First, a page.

Lay abstracts

A Unified Theory of Autism Revisited: Linkage Evidence Points to Chromosome X using a High-Risk Subset of AGRE Families

Kristina Allen-Brady, Dale Cannon, Reid Robison, William M. McMahon, and Hilary Coon


Finding autism susceptibility genes has been very challenging in part because multiple genes are likely to be involved in causing the disorder. New strategies are needed to successfully find autism genes. Zhao et al. (Proc Natl Acad Sci 2007;104:12831–12836) in their “Unified Theory of Autism” hypothesized how both sporadic male autism cases and male autism cases from high-risk families could exist. Using Autism Resource Exchange (AGRE) data, they theorized that the majority of male autism cases are from families with low autism risk and are due to new mutations. They further theorized that a subset of high-risk autism families inherits autism in a dominant manner, and identified 86 high-risk families likely to meet this criterion. As genotype data is now available for most of the AGRE dataset, the purpose of this manuscript was to test for evidence of dominant inheritance in the subset of 86 high-risk families identified by Zhao et al. We performed a genome-wide linkage analysis on the set of 86 high-risk families and identified a region on chromosome X that may explain autism in 11 of these high-risk families. The chromosome X region encompasses a large gene, IL1RAPL1, which has previously been shown to be involved in autism in three families. Finding new ways to locate autism susceptibility genes, such as using family structure as was done here, may help to identify and further our understanding of genes that cause autism. © 2010 INSAR/Wiley Periodicals, Inc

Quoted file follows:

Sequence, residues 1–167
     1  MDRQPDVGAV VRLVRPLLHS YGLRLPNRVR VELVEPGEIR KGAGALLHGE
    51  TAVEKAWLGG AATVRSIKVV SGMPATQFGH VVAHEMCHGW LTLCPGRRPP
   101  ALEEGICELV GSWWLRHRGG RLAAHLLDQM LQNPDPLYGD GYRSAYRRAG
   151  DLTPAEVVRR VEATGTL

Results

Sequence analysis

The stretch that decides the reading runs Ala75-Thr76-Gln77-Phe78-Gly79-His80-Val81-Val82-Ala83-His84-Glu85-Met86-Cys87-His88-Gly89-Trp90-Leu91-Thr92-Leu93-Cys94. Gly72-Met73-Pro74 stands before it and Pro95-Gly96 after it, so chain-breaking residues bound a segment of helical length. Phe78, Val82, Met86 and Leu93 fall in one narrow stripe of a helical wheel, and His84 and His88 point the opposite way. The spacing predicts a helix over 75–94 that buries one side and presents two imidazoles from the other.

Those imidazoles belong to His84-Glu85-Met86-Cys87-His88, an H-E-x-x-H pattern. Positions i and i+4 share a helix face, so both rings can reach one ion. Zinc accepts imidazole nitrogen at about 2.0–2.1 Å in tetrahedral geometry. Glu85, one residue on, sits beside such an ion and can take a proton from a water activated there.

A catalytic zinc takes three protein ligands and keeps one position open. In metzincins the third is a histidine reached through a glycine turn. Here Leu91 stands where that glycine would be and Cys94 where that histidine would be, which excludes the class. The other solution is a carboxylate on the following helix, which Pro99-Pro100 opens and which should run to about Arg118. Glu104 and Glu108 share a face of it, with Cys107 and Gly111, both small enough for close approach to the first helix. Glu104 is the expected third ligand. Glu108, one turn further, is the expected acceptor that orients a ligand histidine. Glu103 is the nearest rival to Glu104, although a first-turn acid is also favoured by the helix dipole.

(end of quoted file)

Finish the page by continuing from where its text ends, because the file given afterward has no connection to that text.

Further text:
Article citation:Autism Res2010, 3: 47–52. DOI: 10.1002/aur.119

Reward Processing in Autism